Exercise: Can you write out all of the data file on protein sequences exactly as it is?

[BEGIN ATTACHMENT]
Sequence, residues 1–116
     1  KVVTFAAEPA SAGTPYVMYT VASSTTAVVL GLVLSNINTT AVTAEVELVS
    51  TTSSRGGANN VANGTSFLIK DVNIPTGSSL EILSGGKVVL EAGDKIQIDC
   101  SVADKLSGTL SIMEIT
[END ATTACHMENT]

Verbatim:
Sequence, residues 1–116
     1  KVVTFAAEPA SAGTPYVMYT VASSTTAVVL GLVLSNINTT AVTAEVELVS
    51  TTSSRGGANN VANGTSFLIK DVNIPTGSSL EILSGGKVVL EAGDKIQIDC
   101  SVADKLSGTL SIMEIT